Sawtelle Field, California: Simulation of a Complex and Unusually Shaped Reservoir
- Roy Engineer (Cities Service Oil and Gas Corp.) | J.S. Quinn (Cities Service Oil and Gas Corp.) | P.H. Holst (PHH Engineering Ltd.)
- Document ID
- Society of Petroleum Engineers
- Journal of Petroleum Technology
- Publication Date
- March 1985
- Document Type
- Journal Paper
- 488 - 498
- 1985. Society of Petroleum Engineers
- 6.5.2 Water use, produced water discharge and disposal, 2.4.3 Sand/Solids Control, 5.6.1 Open hole/cased hole log analysis, 5.4.1 Waterflooding, 5.2 Reservoir Fluid Dynamics, 4.6 Natural Gas, 5.4.2 Gas Injection Methods, 5.5.8 History Matching, 2 Well Completion, 5.4.3 Gas Cycling, 1.14 Casing and Cementing, 1.2.3 Rock properties, 5.1.1 Exploration, Development, Structural Geology, 2.2.2 Perforating, 4.1.2 Separation and Treating, 5.6.4 Drillstem/Well Testing, 5.7.2 Recovery Factors, 4.1.9 Tanks and storage systems, 5.2.1 Phase Behavior and PVT Measurements, 1.6 Drilling Operations, 5.5 Reservoir Simulation, 5.5.2 Core Analysis, 5.3.4 Reduction of Residual Oil Saturation, 5.1 Reservoir Characterisation, 5.1.2 Faults and Fracture Characterisation, 4.1.5 Processing Equipment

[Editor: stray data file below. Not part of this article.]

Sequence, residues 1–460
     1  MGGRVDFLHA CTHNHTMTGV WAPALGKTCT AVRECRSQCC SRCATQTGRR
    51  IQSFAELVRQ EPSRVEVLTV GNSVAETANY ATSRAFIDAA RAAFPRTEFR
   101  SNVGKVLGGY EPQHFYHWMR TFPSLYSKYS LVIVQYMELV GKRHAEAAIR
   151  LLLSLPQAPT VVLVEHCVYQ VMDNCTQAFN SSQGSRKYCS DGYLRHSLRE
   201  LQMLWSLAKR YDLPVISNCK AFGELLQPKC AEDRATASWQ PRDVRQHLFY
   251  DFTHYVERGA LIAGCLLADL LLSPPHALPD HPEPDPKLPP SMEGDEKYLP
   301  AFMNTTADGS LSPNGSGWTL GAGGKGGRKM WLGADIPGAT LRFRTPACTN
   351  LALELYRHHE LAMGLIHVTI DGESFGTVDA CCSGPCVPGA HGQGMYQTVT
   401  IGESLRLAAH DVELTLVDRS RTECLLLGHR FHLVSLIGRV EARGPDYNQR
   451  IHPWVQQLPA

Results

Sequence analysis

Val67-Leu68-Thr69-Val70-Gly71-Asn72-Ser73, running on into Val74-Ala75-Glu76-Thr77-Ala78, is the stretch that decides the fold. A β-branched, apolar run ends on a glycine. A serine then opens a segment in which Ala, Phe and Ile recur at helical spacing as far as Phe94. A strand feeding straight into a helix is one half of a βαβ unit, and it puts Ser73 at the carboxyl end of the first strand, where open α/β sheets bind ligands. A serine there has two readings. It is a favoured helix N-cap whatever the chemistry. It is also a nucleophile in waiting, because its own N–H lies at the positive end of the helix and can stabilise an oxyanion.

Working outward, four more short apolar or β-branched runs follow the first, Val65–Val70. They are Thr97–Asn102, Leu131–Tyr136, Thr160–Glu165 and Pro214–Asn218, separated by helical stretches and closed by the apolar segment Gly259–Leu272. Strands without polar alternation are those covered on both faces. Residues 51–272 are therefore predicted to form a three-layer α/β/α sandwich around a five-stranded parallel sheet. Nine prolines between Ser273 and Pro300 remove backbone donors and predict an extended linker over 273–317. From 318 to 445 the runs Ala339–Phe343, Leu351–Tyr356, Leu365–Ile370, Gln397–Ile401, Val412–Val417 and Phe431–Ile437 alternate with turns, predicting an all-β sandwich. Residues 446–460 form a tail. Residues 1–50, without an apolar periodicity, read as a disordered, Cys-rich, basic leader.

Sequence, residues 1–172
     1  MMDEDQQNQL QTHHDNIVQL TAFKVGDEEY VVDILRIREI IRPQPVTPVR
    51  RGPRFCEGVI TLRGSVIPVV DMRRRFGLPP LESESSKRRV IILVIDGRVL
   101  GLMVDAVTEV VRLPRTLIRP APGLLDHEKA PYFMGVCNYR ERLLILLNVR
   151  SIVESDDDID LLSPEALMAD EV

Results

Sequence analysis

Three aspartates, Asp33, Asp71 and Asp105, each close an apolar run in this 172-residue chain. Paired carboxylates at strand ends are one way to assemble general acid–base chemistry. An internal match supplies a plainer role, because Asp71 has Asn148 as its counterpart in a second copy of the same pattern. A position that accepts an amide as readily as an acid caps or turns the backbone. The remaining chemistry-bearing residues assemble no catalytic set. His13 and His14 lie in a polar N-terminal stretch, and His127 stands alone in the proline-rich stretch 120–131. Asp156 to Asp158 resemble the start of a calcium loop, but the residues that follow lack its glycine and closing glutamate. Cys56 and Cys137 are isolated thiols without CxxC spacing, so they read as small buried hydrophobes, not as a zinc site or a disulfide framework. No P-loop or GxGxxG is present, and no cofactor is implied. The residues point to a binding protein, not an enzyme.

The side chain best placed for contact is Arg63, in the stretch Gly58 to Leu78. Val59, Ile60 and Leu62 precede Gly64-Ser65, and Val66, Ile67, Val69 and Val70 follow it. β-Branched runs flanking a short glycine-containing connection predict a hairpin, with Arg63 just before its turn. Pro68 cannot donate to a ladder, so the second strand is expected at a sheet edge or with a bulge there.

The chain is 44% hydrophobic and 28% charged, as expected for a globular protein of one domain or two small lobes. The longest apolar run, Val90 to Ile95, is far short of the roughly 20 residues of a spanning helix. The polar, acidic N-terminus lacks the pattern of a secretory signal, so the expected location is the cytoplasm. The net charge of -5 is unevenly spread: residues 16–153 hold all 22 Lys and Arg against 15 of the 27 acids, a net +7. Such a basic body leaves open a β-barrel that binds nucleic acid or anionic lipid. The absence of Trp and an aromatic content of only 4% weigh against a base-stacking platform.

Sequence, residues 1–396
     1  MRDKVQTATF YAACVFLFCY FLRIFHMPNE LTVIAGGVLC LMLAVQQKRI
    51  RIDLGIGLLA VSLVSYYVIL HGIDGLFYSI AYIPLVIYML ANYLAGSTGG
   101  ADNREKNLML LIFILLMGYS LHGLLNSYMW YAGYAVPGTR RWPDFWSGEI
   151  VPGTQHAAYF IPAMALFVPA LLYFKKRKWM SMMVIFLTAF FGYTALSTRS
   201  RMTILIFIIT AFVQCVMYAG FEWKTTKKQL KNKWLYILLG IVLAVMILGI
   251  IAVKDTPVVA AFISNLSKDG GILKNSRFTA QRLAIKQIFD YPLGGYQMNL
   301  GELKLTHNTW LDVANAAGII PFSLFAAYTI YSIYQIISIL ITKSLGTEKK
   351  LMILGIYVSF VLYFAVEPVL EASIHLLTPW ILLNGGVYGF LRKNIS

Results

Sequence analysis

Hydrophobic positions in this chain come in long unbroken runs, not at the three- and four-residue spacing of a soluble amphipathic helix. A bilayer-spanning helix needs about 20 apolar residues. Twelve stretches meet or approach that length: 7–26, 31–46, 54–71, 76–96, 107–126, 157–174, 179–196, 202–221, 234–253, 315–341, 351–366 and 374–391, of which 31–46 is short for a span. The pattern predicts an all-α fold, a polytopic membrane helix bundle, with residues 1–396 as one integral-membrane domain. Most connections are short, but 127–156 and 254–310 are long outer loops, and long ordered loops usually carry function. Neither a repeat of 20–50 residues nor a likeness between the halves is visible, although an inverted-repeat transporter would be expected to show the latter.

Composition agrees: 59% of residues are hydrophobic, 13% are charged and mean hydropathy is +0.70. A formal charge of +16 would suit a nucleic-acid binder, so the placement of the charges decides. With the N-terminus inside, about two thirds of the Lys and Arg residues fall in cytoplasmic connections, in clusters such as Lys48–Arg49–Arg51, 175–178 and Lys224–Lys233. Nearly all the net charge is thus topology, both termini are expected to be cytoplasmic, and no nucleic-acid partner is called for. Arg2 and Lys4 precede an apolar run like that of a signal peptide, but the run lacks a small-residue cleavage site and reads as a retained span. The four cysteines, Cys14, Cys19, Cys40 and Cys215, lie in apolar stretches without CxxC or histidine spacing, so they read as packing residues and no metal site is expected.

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The Sawtelle field is located in a heavily populated residential area of west Los Angeles, CA. Two separate hydrocarbon traps occur in the field, and both result from the Santa Monica fault. Pool I occurs in an asymmetrical fold, and Pool II in beds upturned in the drag zone of the footwall block of the fault. The Pool 11 reservoir contains about 65 % of the field's reserves. Reservoir engineering studies indicate primary depletion will permit the recovery of 18.8 % of original oil in place (OOIP). This paper describes a two-dimensional (2D), three-phase, black-oil simulation of the Pool II reservoir in the field. The purpose of the study was to investigate, through numerical simulation, the feasibility of implementing a pressure maintenance scheme by gas injection or water pressure maintenance scheme by gas injection or water injection in this unusually shaped reservoir.